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Systemic faults

VINAYA DESHPANDE
IN MUMBAI

The high cut-offs could make students select new but promising disciplines they wouldn't have considered before.

The word ‘cut-off' invokes a feeling of dissatisfaction in Mumbai, among both the students and the principals. The reasons are different though. The students feel that however hard they work, they just don't seem to make it to their dream college. The principals raise systemic issues and feel that that the marking system itself is “chaotic and imbalanced, which makes a mockery of good evaluation.”

“The cut-offs are on the rise. Getting more than 80 per cent in disciplines like arts and commerce is just not enough. The competition is getting tougher by the day. But the most depressing thing is that there are a lot of reserved seats. There is 45 per cent reservation for Christians in St. Xavier's college. Their cut-offs are half the cut-offs for us. There should be merit-wise admission,” Vasundhara Rajeshirke, a Class XII student said. She wasn't the only one. Many students rued the reservation of seats, feeling it deprived them of seats which they would have got on the basis of merit. Nikita Mondkar, another student who recently passed Class XII said, “It has become very competitive. That is also because the reserved category gets too much preference.”

The principals raised systemic issues. Father Frazer Mascarenhas, principal of St. Xavier's College, one of the most sought-after colleges for traditional courses in humanities, social sciences and basic sciences, said, “The whole system of education in India has gone wrong from Class X onwards. The courses between Class 10 and 12 reward rote learning. There is no focus on concepts. The question papers are set in such a manner that fetching 100 per cent marks is possible.”

Father Mascarenhas says the real problem is that question papers are not set to test creativity. “The level of difficulty of papers should be such that the result should reflect normal distribution curve,” he said.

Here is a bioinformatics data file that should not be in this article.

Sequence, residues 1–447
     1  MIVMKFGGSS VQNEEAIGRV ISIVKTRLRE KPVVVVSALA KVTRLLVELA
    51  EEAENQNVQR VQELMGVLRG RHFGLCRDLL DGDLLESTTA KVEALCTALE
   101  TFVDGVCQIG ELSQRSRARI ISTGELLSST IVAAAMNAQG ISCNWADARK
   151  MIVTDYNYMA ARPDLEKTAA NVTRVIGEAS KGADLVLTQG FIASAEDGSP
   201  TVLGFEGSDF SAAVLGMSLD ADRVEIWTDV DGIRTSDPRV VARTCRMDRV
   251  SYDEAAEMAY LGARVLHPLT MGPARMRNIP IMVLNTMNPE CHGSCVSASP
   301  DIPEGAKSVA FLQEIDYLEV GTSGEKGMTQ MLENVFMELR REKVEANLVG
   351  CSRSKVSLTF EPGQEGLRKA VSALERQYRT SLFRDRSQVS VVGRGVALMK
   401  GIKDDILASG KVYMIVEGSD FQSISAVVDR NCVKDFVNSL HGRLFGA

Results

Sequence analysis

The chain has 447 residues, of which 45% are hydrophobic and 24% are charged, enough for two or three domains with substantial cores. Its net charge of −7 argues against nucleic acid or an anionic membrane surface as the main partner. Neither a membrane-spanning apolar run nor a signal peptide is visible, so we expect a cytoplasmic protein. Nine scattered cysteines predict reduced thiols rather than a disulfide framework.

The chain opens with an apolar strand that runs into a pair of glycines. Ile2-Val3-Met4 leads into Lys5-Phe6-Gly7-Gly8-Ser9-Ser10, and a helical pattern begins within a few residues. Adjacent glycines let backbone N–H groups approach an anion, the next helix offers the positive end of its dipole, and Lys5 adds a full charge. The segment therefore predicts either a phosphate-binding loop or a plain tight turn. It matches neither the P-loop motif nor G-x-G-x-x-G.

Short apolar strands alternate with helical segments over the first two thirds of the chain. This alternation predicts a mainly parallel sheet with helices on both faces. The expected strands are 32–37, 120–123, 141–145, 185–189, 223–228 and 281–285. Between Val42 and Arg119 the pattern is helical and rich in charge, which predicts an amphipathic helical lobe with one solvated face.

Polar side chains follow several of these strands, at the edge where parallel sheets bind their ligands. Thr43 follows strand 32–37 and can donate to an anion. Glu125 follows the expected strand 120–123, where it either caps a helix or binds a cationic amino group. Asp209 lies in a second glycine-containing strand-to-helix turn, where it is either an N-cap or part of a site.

For most of the traditional undergraduate courses, seats are reserved for in-house students who pass their Class XII from the same college. But the competition intensifies for admission to Class XI, where students vie for the best of colleges. High cut-offs hit the most at that level.

Allure of new disciplines

But there is growing trend of students opting for new disciplines, which have more demand in the professional industry. “Many students prefer integrated courses or applied disciplines like biotechnology, mass media, etc. There is no reservation for in-house students for such courses and the competition is very high,” Professor Devayani Ganpule, Vice-Principal (Senior College), Ramnarayan Ruia College of Arts and Science said.

Various educationists rued that the demand for pure science courses had plunged considerably. Thus, the cut-off for B.Sc. courses can be as low as 50 per cent. “There is total misconception among students that professional courses give better opportunities. If you see the syllabus, the basic concepts are the same and they are taught much better in a B.Sc. course. More often than not, a B.Sc. Chemistry student gets a job more quickly than a B.Sc. Biotechnology student. Then they feel disappointed and disillusioned,” Vatsala Pai, former Vice Principal of Ramnarayan Ruia College said.

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